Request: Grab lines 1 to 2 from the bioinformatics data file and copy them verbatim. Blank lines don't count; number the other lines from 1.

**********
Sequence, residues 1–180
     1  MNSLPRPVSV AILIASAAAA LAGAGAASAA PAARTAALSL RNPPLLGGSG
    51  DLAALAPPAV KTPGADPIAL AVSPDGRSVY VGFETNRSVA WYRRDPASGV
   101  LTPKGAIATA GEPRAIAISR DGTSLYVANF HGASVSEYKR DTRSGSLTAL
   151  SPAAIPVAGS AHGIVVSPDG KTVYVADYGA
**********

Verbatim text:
Sequence, residues 1–180
     1  MNSLPRPVSV AILIASAAAA LAGAGAASAA PAARTAALSL RNPPLLGGSG